Dutch Cacao, 20th Century Cocktail & Ship’s Kobold

“Ciao Cacao!” – that’s what sounded through all the social media channels when a new star from the Dutch company of de Kuyper Royal Distillers appeared to a wider audience for the first time on the stage of the bar scene at the Bar Convent in Berlin. Above all, however, it was also a demonstration of the considerable media range and presence of Le Lion founder Joerg Meyer, who created this “new star” in cooperation with de Kuyper. I’m talking about Dutch Cacao Crème de Cacao White. Today, also I will write a few lines about this product and explain what I think about it. (provided test product)*

The product is available since February 2020 and since the Bar Convent in autumn 2019, some time has already passed, but Joerg Meyer has meanwhile managed to establish the name Dutch Cacao and to keep the expectations and anticipation quite high. And here it is at last, the Dutch Cacao Crème de Cacao. It comes in a beautifully shaped, dark bottle, whose colour scheme is already able to evoke certain associations of chocolate – although the liquid inside is ultimately a clear one; Crème de Cacao White. However, one after the other.

To produce Dutch Cacao, a macerate of neutral alcohol and Criollo cocoa beans is first of all distilled to a clear cocoa distillate on a 1000-litre Holstein distillation plant. From this cocoa distillate a new – this time even more intensive – macerate is produced with Criollo cocoa beans, which is then also distilled again; double macerated, double distilled so to speak. The distillate is then mixed with water and Dutch beet sugar (a total of 224 grams per 700 millilitres, for creams a minimum sugar content of 250g per litre is specified, but this is usually far exceeded. Here, Joerg Meyer and Henk-Jan Schouten, that’s the name of the master distiller at de Kuyper, deliberately scratch at the lower limit). Finally, a minimal proportion (<1%) of intensive Batavia Arrack is added, as well as a Sri Lankan cinnamon distillate from the house of Rutte (whose recipe was not revealed to Mr Meyer and Mr Schouten either). Finally, a neutral alcohol infused over several weeks with Indonesian vanilla beans is added as a “vanilla infusion”. I was almost about to write: “and that’s it” at this point, but that would have been obviously inappropriate, because this is a rather complex manufacturing process.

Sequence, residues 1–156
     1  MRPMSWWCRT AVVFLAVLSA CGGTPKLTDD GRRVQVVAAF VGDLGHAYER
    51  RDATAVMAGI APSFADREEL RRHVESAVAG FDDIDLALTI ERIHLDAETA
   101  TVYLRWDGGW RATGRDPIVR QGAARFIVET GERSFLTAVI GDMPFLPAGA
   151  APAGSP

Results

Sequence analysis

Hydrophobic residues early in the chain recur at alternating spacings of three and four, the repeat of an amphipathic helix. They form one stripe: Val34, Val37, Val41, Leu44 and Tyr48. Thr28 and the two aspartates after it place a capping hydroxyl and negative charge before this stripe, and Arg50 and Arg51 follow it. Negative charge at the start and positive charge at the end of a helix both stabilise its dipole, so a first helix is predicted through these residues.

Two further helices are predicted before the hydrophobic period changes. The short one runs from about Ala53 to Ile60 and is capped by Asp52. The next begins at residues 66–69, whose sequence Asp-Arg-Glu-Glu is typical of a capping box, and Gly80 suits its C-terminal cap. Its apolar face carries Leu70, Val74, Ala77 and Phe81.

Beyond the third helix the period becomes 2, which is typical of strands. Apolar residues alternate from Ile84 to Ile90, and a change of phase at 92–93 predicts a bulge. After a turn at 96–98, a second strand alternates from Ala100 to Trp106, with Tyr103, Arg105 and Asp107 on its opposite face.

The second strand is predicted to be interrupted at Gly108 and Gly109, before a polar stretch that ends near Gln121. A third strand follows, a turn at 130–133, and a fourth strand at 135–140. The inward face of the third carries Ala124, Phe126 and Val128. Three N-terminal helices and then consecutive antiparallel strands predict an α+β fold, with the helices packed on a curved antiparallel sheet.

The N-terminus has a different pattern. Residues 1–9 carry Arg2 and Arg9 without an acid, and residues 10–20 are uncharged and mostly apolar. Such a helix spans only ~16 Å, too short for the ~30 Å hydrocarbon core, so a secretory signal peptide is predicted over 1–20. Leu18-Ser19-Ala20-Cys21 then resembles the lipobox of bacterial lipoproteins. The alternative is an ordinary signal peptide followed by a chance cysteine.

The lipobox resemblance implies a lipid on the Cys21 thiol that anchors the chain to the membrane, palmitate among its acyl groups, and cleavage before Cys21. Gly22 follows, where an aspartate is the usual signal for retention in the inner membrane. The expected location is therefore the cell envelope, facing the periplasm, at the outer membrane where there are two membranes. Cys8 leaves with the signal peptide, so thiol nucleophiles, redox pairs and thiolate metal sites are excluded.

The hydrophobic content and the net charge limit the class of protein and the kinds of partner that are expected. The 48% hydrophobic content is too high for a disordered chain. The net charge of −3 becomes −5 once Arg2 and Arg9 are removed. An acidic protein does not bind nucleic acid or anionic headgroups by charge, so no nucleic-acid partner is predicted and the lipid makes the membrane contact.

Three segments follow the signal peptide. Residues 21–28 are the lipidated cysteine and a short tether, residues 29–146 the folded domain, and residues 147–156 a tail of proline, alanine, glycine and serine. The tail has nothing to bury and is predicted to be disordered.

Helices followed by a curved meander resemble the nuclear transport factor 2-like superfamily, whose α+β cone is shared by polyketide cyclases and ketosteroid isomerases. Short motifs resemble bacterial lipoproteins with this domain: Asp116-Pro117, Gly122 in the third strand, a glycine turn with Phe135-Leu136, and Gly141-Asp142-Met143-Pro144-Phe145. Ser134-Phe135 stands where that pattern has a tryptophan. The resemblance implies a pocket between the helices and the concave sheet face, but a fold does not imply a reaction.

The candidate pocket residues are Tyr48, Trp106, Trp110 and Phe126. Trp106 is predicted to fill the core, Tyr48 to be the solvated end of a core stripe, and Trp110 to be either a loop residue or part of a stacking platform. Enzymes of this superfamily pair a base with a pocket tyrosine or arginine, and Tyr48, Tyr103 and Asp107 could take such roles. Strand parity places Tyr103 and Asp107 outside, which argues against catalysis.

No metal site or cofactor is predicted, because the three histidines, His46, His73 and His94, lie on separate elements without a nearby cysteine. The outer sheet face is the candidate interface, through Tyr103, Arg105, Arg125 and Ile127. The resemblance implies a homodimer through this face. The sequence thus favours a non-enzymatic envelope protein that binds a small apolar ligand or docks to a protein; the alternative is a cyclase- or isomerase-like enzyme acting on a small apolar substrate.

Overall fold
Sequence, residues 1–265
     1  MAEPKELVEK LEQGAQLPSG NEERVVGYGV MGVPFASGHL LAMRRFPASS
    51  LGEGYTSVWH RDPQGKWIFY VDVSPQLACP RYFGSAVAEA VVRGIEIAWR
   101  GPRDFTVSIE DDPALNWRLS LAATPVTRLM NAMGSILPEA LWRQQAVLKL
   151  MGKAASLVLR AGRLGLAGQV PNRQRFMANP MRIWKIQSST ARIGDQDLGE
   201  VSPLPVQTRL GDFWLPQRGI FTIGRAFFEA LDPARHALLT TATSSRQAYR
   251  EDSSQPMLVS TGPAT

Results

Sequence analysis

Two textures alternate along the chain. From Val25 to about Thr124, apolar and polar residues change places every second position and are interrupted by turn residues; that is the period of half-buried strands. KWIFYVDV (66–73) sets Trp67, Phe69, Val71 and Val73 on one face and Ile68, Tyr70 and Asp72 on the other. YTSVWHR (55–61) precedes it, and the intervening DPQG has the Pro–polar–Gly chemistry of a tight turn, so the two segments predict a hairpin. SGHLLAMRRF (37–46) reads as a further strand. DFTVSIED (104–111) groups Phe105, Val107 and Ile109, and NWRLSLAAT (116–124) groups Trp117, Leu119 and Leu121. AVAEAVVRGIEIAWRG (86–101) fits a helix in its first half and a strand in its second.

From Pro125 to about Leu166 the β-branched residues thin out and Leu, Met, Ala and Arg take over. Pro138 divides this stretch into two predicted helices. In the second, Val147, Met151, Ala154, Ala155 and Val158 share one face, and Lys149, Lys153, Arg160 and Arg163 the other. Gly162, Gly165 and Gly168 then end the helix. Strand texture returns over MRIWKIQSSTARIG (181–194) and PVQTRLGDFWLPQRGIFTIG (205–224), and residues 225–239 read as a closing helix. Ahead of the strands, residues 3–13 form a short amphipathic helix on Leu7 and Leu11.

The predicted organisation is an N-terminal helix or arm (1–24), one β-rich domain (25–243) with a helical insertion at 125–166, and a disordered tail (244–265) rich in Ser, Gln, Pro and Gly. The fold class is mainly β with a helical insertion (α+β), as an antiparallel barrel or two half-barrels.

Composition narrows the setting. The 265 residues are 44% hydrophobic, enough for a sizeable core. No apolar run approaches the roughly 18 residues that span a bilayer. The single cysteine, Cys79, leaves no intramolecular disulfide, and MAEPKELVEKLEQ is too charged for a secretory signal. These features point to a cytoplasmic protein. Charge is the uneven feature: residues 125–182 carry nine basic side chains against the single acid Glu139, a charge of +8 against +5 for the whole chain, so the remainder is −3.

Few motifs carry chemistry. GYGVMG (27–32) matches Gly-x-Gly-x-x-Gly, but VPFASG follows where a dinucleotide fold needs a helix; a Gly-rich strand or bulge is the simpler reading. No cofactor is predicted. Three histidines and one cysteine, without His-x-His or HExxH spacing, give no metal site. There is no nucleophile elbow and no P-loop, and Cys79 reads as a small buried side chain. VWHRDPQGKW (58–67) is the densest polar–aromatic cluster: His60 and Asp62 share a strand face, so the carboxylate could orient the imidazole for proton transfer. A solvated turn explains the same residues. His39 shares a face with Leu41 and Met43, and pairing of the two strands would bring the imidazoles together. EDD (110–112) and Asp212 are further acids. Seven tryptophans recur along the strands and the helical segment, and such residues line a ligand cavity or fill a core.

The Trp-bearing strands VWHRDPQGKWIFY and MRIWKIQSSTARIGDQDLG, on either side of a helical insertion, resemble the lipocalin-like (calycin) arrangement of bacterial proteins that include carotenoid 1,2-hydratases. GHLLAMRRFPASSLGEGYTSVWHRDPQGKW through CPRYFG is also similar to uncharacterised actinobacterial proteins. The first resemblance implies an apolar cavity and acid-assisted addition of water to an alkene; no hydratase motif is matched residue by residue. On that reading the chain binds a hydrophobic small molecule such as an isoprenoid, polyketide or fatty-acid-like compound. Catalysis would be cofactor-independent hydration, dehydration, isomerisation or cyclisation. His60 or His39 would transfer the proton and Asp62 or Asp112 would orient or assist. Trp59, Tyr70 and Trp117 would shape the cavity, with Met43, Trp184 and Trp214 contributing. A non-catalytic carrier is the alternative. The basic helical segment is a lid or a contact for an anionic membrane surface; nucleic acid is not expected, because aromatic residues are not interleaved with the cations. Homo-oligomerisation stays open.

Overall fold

So we can say that besides the quite elaborate production process, a more complex, more refined and sophisticated, less sweet flavour is achieved. In addition, of course this did not happen involuntarily, because Joerg Meyer’s main concern was to reinterpret a classic bar ingredient and thus to have an ingredient at hand that could take famous cocktails to a whole new level. However, drinking it neat is also explicitly recommended, which is actually not very common (anymore) with crèmes.

So before I dared to try it in a cocktail myself, I followed that suggestion first.

Tasting notes:

Aroma: Clear and beautiful notes of cocoa appear on the nose. The cocoa turns out very mature and round, it rather reminds of high-quality chocolate and not at all of a child’s birthday. Behind this, there are slightly malty notes, vanilla, fine nuances of cinnamon and associations of allspice and brown sugar. However, the Dutch Cacao Crème de Cacao does not exuberantly scent “sweetish”.